Whether you remember this quote from the movie Failure to Launch with Sarah Jessica Parker or the yar comments from Philadelphia Story with Katherine Hepburn, you have to admit it’s a great word. Learning nautical terms can be fun and you may get a kick out of blowing away the know-it-all on your next cruising trip with your new found knowledge.
Yar is an old term that makes one think of rich New England aristocracy ala Kate Hepburn in Philadelphia Story. Philadelphia Story a great old movie of amazing words and this one’s unique. Yar refers to a responsive, lively or level boat. It is an old term not really used anymore, but it does sound impressive!
Brightwork is another term taken from the same conversation in Philadelphia Story. It refers to the exposed metal that Tracy, Hepburn’s character shined. In some yachting sets it may actually refer to shining woodwork instead. Can’t you see yourself sipping a martini and referring to making the brightwork shine?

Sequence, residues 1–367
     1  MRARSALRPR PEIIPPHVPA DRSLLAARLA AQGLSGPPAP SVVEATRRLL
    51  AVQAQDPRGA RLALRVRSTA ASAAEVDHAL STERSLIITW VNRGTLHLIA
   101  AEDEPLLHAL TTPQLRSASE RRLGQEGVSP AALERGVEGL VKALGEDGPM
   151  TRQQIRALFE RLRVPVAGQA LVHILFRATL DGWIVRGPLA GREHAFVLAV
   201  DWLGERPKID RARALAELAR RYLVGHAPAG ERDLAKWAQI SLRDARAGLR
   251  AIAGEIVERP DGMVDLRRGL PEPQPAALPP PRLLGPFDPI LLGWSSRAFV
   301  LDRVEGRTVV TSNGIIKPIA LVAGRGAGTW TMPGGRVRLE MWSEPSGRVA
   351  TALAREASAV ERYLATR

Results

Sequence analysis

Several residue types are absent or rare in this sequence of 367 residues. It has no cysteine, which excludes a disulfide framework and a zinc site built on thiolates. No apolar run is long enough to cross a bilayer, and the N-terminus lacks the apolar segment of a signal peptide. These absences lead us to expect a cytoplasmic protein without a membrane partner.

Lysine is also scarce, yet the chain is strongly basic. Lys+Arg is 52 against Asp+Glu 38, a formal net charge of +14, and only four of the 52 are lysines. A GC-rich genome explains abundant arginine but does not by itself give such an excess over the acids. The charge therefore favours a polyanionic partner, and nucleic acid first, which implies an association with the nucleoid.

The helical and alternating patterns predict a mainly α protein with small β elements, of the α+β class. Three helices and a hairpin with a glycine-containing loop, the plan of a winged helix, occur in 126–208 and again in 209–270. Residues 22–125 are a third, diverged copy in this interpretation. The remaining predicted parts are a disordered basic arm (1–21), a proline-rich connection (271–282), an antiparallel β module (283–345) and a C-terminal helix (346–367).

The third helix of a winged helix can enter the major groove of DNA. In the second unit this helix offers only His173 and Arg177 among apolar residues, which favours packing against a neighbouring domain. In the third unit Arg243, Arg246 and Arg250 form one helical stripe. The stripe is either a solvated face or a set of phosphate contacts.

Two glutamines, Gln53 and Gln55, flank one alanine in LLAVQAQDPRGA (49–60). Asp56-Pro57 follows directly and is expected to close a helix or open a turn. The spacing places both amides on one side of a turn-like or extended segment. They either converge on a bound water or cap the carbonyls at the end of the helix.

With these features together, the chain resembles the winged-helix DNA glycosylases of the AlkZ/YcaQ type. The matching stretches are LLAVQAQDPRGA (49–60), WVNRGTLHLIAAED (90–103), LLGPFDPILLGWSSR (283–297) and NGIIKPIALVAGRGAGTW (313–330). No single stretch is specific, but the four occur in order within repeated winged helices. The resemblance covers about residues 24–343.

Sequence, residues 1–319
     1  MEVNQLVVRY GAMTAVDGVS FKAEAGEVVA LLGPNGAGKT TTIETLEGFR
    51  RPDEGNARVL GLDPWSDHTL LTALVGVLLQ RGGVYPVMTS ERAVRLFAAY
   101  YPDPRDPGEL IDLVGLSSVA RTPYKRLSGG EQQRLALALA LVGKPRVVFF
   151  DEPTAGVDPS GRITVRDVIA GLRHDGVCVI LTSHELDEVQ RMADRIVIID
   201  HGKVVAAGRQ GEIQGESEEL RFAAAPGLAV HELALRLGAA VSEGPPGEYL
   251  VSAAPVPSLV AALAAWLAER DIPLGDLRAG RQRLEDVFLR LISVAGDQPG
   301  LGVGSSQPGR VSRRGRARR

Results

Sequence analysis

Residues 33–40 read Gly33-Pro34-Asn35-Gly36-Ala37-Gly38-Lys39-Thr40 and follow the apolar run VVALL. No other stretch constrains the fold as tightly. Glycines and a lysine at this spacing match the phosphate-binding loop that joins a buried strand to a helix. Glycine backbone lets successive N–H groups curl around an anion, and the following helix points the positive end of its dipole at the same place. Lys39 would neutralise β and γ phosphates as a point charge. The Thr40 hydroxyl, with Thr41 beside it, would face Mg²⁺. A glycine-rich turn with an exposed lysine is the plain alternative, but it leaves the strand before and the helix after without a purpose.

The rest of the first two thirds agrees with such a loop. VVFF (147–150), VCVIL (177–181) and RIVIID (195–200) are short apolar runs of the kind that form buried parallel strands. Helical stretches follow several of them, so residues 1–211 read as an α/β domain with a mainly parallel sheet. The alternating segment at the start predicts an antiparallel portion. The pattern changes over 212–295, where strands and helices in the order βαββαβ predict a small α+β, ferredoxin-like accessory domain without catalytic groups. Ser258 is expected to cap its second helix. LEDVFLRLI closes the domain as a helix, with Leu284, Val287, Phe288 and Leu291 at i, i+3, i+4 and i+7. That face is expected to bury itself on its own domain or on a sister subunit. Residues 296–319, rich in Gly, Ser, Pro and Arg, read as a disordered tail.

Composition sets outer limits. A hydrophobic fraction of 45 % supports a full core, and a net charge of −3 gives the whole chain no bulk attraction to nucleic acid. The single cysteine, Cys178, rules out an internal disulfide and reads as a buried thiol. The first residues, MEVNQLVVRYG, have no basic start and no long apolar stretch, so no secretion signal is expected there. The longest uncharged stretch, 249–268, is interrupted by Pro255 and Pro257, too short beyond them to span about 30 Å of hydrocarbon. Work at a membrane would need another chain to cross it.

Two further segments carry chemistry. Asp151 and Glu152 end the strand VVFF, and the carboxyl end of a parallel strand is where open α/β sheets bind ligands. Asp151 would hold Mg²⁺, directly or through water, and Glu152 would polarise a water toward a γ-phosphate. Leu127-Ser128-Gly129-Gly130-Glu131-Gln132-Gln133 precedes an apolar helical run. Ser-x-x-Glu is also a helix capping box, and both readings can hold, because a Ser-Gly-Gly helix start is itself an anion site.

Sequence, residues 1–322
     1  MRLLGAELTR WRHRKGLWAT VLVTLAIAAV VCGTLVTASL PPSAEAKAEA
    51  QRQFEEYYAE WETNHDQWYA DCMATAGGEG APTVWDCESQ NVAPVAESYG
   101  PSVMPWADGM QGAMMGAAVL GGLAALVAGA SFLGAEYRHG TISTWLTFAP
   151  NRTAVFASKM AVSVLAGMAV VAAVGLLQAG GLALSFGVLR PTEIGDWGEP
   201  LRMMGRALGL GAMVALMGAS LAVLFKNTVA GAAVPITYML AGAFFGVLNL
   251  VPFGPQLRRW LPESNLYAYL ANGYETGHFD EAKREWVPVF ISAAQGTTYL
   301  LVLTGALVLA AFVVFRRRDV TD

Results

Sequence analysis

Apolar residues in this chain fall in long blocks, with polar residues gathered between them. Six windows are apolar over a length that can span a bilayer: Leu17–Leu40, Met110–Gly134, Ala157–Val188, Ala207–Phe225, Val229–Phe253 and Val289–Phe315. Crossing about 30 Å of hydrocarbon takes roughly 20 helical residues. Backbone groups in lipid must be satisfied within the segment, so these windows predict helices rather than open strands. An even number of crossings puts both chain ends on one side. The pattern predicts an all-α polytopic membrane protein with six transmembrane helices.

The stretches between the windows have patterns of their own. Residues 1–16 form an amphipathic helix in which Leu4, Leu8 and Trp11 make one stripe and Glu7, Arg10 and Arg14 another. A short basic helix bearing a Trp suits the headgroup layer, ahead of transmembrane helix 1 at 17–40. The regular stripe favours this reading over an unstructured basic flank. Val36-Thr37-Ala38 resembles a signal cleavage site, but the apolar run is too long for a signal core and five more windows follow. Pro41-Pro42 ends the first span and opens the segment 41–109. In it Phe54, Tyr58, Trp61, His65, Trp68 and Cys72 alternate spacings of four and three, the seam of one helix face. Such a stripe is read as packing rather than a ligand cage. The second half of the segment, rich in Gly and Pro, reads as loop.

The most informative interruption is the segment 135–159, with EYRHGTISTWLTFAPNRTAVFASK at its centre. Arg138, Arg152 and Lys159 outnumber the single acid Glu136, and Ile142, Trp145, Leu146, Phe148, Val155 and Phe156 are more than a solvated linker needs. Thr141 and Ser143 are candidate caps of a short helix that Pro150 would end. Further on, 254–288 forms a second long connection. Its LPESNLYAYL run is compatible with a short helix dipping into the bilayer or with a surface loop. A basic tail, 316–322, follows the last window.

When someone is telling a tall tale, you can refer to them as “swinging the lamp”. On old ships a lamp would be hanging in the evening when crew members would be telling stories. Exaggerations were often said to be ‘swinging the lamp’. I am not sure this comment will garner a vision of some amazing yacht, but it will start a conversation.
It is amazing how many old sailing terms are used in everyday language today. Pipe down refers to a signal blown at the end of the day for the crew to stop smoking, put lights off and silence from the crew. Being pooped refers to exhaustion from a high sea having reached the poop deck, a high deck on the aft portion of the ship.
Have fun with current and old nautical terms! Yarr(acknowledgement or agreement)!